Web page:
a tender, if rose-tinted view of the coming out process
Welcome to the world of Sebastian; a handsome teenage youth who spends his days hanging out with his friends and inparticular former girlfriend Lizabeth and best friend and all round hunk Ulf. Yet something in his life has changed. For what should be days spent free from the worries of life, have turned into moments of intense solitude and contemplation. No wonder that his worried parents are delighted when he comes home with Ulf, so pleased in fact that they leave the two alone. And boy does they take advantage of a free house. For doing what teenagers do best; they eat, they drink, they wrestle, along the way sharing a foam-filled bath together - er run that bit by me again!
Yet such adolescent fun abruptly ends when Sebastian plants his lips firmly on those of his best friend. As Ulf makes a prompt exit, his parents come to ask Sebastian if he's interested in guys? The answer is - he thinks so. Indeed he knows so at heart. Yet in accepting that his sexuality is different to those around him, the question remains whether he has the confidence to be his homosexual self to his close friends and to the outside world?
Said by some to be Norway's answer to Beautiful Thing, such a comparison is only just in terms of both films depicting an optimistic view of the coming out process. For that is where comparisons end, given this work varies in almost every other aspect and inparticular by setting such within a middle class environment, one far removed from the working class backdrop of the Jonathan Harvey classic.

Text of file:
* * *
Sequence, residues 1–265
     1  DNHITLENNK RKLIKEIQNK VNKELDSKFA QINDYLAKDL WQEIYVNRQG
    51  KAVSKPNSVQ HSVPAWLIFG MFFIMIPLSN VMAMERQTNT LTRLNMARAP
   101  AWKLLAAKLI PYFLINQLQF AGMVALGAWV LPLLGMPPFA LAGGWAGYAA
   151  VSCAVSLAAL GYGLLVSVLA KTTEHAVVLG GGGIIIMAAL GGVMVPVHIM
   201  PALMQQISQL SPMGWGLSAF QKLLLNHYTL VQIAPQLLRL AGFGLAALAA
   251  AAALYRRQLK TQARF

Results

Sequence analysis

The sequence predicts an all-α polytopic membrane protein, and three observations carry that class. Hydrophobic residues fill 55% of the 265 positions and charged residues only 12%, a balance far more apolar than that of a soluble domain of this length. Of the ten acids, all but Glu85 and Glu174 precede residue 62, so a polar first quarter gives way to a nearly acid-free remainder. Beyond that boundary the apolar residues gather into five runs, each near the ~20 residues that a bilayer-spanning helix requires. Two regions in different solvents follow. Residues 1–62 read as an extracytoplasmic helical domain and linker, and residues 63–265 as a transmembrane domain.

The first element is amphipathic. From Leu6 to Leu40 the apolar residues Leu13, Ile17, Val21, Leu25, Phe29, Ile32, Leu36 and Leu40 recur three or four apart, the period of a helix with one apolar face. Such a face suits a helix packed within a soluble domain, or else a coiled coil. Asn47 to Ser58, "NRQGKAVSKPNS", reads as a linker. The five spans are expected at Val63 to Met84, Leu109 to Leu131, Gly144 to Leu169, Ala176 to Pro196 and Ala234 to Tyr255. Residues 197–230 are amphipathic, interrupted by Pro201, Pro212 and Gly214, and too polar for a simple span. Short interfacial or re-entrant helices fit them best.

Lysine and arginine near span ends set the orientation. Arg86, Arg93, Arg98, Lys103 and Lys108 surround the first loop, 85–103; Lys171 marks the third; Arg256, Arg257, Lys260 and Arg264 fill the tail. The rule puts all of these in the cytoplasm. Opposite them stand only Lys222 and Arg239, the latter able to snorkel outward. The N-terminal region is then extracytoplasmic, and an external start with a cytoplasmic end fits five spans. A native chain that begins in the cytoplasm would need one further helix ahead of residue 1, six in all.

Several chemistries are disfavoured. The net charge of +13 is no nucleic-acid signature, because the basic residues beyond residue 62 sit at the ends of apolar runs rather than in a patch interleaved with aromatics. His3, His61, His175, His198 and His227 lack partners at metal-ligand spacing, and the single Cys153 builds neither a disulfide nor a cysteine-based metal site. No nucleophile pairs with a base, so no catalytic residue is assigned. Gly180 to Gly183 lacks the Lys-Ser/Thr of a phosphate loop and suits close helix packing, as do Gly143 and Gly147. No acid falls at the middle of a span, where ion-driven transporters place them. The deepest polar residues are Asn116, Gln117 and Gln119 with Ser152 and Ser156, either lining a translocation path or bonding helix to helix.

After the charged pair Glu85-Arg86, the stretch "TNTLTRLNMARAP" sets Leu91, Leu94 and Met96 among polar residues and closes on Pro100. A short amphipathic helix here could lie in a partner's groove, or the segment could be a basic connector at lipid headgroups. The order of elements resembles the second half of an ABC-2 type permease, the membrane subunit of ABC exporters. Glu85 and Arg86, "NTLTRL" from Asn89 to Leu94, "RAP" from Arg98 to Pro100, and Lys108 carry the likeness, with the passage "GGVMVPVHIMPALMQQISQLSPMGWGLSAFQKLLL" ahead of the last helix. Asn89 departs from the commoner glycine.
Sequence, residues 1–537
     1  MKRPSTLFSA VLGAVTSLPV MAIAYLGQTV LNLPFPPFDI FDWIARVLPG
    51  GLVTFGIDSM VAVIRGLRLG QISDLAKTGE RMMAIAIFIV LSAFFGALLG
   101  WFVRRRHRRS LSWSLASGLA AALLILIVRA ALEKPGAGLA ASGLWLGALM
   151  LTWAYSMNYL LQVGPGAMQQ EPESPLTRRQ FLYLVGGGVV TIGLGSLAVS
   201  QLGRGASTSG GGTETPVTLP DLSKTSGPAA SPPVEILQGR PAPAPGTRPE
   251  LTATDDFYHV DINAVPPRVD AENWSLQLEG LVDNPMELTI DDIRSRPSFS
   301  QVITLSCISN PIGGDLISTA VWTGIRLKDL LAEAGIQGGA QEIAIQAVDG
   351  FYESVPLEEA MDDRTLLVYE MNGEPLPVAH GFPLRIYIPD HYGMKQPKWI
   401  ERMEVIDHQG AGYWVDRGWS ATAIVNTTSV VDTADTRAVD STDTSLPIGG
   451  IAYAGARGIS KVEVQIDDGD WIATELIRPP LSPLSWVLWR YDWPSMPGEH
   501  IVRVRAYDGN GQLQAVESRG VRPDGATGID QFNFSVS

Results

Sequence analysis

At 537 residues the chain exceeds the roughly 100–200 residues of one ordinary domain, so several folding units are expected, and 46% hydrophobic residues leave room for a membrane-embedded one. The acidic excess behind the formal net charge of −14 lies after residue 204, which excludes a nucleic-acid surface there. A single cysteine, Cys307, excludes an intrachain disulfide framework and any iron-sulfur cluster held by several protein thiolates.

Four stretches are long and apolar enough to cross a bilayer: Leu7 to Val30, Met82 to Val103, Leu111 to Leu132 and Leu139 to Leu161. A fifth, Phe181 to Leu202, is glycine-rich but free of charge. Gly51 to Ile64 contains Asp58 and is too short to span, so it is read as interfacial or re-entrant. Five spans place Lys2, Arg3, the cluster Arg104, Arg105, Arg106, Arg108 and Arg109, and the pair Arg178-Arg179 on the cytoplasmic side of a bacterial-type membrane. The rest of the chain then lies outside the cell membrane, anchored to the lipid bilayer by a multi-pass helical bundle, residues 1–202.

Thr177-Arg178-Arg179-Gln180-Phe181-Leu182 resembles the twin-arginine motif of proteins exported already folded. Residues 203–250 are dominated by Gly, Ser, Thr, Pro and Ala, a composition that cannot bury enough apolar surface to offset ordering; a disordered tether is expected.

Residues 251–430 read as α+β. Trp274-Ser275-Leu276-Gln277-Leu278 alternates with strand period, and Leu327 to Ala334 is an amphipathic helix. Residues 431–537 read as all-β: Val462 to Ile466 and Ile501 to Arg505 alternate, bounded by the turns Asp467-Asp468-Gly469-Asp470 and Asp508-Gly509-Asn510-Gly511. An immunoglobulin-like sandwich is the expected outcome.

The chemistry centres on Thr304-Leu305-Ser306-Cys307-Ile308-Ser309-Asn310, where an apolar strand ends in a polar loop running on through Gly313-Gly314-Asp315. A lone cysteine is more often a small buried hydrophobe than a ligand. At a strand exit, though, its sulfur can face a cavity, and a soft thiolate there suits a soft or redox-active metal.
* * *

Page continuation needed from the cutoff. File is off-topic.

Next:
That aside, both features pay specific attention to the coming out process. Only in this instance, such feelings are emphasised by way of a failed suicide attempt, after which Sebastian asks himself why is he so afraid of showing the world who he is? A question that is all the more poignant, given both parents and friends already suspect the sexual identity that Sebastian neither wants them, nor himself at first, to acknowledge.
Performance wise and in a cast dominated by good looks, Hampus Björch as Sebastian and Nicolai Cleve Broch as Ulf, namely the supportive straight best friend that all gay teenagers should have, give touching portrayals of their respective characters in what is frankly a tender, if rose-tinted view of the coming out process. Yet this is not a criticism. Indeed anything but, given this film was made to directly address the alarming rate of suicides amongst the LGBT youth of Norway.
Not to be confused with Derek Jarman's homoerotic homage to the legend of the Christian martyr that was Sebastiane, this marks instead a sugarcoated view of the difficult and at times painful process of coming to terms with ones differing sexuality. True, few teens would have so remarkably non-judgmental friends and family as that shown here. But that said, in delivering the message that 'it's OK to be gay' as critical to its aim of suicide prevention, Norway was tackling head-on a subject that all too many countries at this time, were going out of their way to avoid addressing. Need more be said?
screened as part of the 11th London Lesbian & Gay Film Festival 1997
starring: Hampus Björch, Nicolai Cleve Broch, Ewa Fröling, Helge Jordal, Rebecka Hemse, Lena Olander,
Emil Lindroth, Karin Hagås, Mira Mandoki, Stig Torstensson